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Vertical Farming is a tool or a goal was the point of discussion during a symposium held recently at WeSchool, Mumbai

Thursday, 02 Nov 2017, 22:03 IST

S.P. Mandali’s Prin. L. N. Welingkar Institute of Management Development & Research (WeSchool) in collaboration with the Consulate General of the Kingdom of the Netherlands organised a symposium on vertical farming on WeSchool’s Mumbai campus. With an aim to introduce design-based solutions, ‘Holland meets Mumbai’ is an initiative undertaken by the Consulate General of the Kingdom of the Netherlands in Mumbai under the theme ‘Dutch Design & the City’.  The symposium aimed to create awareness on the concept of vertical farming, application of different farming techniques and progressive results of vertical farming in other developed economies. The event was attended by noted companies in AgriBusiness and vertical farming.

The symposium witnessed notable speakers such as Mr. Guido Tielman, Consul General, Consulate General of the Kingdom of the Netherlands; Mr. Wouter Verhey, Agriculture Counsellor, Embassy of the Kingdom of the Netherlands; Mr. Sritanu Chatterjee, Agri-Business & Trade Officer, Consulate General of the Kingdom of the Netherlands in Mumbai; Mr. Peter van Dongen, Chairman, Executive Board, Van Hall Larenstein University of Applied Sciences, The Netherlands; Mr. Niek Botden, CEO, Holland Door Cooperative U.A.; Mr. H. P. Doddamani, Chain Manager, Sales, Rijk Zwaan India Seeds Pvt Ltd and Mr. Sanjay Sudan, Director, Saveer Biotech Limited.


 “At WeSchool, ‘we’ reinforces the ‘I’ and ‘I’ the new ‘we’. We constantly inspire our students to become global leaders who are influencers for sustainability and social change. Growing urbanisation and population have posed new challenges in food production. It has become imperative to change the present picture of urbanisation through green concepts like vertical farming. Our collaboration with environment friendly initiatives will contribute as a drop of effort to a sea of change,” explains Prof Dr Uday Salunkhe, Group Director, WeSchool.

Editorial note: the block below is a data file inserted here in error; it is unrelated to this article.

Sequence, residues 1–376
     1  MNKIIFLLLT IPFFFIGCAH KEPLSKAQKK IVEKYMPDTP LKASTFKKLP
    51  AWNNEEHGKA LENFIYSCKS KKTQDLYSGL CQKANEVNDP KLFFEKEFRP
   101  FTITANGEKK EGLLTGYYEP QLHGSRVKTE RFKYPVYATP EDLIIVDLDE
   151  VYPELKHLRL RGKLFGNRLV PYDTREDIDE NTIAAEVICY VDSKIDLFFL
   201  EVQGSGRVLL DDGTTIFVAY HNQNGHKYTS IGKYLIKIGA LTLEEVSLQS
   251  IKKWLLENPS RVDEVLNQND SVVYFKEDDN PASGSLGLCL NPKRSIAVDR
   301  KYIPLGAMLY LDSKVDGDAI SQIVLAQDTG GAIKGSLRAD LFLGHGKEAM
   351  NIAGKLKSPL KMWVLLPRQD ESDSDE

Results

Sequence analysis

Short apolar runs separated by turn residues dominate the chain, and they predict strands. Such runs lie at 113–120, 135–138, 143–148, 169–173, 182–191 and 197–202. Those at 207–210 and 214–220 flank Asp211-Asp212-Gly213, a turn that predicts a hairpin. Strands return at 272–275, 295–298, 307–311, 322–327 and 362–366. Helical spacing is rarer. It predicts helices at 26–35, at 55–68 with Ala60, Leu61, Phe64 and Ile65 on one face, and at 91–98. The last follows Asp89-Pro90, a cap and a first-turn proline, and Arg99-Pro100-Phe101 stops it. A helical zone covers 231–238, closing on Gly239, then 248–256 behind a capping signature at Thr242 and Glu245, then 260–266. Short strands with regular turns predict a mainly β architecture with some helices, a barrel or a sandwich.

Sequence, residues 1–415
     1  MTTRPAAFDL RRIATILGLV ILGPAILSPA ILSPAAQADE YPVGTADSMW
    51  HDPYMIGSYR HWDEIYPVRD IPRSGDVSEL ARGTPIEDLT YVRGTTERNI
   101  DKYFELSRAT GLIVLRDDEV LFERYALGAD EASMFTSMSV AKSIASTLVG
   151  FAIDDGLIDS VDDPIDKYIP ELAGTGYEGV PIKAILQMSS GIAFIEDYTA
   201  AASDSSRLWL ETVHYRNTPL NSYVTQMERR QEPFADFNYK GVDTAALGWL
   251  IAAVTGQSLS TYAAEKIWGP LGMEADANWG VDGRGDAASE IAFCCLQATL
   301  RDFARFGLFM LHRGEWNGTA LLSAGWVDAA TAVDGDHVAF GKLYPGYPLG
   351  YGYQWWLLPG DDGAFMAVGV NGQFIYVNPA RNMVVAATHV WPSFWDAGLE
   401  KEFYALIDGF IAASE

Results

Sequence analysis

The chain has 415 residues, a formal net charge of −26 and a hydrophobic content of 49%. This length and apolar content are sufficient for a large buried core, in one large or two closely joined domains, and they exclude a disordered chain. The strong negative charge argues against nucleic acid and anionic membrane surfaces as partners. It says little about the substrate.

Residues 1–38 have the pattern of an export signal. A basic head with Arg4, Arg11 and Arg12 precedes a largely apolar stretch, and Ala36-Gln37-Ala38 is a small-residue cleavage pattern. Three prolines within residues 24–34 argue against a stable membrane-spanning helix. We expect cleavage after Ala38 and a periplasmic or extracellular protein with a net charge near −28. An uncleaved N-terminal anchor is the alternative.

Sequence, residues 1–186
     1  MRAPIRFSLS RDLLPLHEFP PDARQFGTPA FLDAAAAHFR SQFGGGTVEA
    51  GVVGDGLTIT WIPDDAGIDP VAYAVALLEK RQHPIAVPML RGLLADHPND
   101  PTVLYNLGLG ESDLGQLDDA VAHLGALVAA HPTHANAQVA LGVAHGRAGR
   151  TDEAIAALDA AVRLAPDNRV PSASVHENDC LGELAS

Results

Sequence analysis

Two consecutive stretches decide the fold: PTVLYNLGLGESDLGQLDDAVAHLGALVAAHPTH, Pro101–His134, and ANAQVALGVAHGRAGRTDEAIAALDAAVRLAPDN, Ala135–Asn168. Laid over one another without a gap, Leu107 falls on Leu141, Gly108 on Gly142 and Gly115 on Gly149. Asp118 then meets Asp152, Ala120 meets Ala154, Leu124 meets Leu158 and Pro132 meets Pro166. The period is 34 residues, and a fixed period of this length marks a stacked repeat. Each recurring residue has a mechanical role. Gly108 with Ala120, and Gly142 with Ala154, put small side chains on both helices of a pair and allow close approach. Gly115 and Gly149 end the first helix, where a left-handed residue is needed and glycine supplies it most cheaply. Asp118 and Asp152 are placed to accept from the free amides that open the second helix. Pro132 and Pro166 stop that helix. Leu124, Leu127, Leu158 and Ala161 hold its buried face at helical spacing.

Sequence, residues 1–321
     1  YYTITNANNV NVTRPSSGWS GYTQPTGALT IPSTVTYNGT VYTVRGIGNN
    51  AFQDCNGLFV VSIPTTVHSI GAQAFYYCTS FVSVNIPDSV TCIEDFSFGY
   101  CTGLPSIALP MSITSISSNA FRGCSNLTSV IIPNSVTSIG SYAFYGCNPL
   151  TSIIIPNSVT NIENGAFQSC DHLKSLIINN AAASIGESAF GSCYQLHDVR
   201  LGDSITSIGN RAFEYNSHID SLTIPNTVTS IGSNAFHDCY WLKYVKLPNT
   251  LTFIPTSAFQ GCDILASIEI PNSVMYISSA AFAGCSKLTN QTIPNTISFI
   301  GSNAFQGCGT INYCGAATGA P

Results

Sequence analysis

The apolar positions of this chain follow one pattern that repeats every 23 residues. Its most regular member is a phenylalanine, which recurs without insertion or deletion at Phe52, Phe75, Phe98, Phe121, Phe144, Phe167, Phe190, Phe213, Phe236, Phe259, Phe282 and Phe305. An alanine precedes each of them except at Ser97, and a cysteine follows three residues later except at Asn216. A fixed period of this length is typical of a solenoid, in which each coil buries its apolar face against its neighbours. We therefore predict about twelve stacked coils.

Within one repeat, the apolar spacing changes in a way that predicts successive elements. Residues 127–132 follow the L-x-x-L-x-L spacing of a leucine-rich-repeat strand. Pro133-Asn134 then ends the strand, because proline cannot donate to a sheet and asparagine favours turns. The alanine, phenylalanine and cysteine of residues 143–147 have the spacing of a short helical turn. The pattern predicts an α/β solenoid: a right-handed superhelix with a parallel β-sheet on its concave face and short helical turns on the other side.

Elaborating the scope of activities under the banner of ‘Holland meets Mumbai’, Mr. Guido Tielman, Consul General, Consulate General of the Kingdom of the Netherlands said, “This is the second edition of ‘Holland meets Mumbai’ and for us,  it acts as a vehicle to introduce various sectors where we think the Netherlands could contribute to the development of Maharashtra. We aim to bring to light the various design-based solutions for which the Netherlands is well-known for, and localise it for a vibrant city like Mumbai.  Notably, for us, we feel that this is not a one-way conversation. We truly believe that the Netherlands and Maharashtra have scope for dialogue and cooperation in multiple areas, resulting in cross fertilisation, whereby we learn from each other. ”

The discussions brought to light vertical farming concepts that make the idea sustainable – it is a solution that fits within the umbrella of growing urban population. Secondly, it calls upon the significance to have more green cover in the midst of gray concrete jungles thereby enhancing the quality of life of the urban dweller. Vertical farming facilities can be built anywhere and be used year-round. It uses less water and yields more per square meter than traditional farming, making it a viable alternative to traditional farming practices.

Addressing the participants, Mr. Peter van Dongen, Chairman, Executive Board, Van Hall Larenstein University, the Netherlands mentioned the need to co-create a future with the sustainable solution of vertical farming. He expressed that various Indian partnerships and an existing partnership with WeSchool and ADT Baramati, will bolster experiential learning in agri-business sector.

The collective response to an open discussion on vertical farming brought to awareness that progressive companies in India and the Netherlands express an interest in vertical farming as a green practice for fresh produce. The symposium took a refreshing look at how vertical farming as a smart concept answers the future challenge of food production.

With expanding population and urbanisation, land for plantation is limited especially in urban cities. Vertical farming optimizes limited resources of water and land to yield a pesticide free fresh produce.  Vertical farming needs to gradually evolve through impactful projects in city infrastructure thereby answering the future need of food demand and supply.


July 2018
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